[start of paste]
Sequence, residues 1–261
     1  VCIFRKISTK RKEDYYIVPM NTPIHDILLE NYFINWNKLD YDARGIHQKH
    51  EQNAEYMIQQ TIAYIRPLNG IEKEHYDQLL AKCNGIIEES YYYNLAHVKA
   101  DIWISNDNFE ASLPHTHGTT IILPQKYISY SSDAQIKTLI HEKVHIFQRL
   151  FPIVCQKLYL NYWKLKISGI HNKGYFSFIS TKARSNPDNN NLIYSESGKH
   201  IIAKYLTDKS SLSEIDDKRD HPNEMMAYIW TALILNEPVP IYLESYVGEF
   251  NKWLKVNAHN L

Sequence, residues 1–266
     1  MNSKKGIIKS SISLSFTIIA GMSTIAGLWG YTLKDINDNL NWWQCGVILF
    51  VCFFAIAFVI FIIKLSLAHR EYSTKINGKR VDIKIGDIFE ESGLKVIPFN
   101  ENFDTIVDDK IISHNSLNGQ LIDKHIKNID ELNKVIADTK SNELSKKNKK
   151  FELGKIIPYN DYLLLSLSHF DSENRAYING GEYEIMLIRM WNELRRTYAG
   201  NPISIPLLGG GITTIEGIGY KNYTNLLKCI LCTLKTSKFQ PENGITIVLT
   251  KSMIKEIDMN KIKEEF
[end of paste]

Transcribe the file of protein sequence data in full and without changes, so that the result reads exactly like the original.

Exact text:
Sequence, residues 1–261
     1  VCIFRKISTK RKEDYYIVPM NTPIHDILLE NYFINWNKLD YDARGIHQKH
    51  EQNAEYMIQQ TIAYIRPLNG IEKEHYDQLL AKCNGIIEES YYYNLAHVKA
   101  DIWISNDNFE ASLPHTHGTT IILPQKYISY SSDAQIKTLI HEKVHIFQRL
   151  FPIVCQKLYL NYWKLKISGI HNKGYFSFIS TKARSNPDNN NLIYSESGKH
   201  IIAKYLTDKS SLSEIDDKRD HPNEMMAYIW TALILNEPVP IYLESYVGEF
   251  NKWLKVNAHN L

Sequence, residues 1–266
     1  MNSKKGIIKS SISLSFTIIA GMSTIAGLWG YTLKDINDNL NWWQCGVILF
    51  VCFFAIAFVI FIIKLSLAHR EYSTKINGKR VDIKIGDIFE ESGLKVIPFN
   101  ENFDTIVDDK IISHNSLNGQ LIDKHIKNID ELNKVIADTK SNELSKKNKK
   151  FELGKIIPYN DYLLLSLSHF DSENRAYING GEYEIMLIRM WNELRRTYAG
   201  NPISIPLLGG GITTIEGIGY KNYTNLLKCI LCTLKTSKFQ PENGITIVLT
   251  KSMIKEIDMN KIKEEF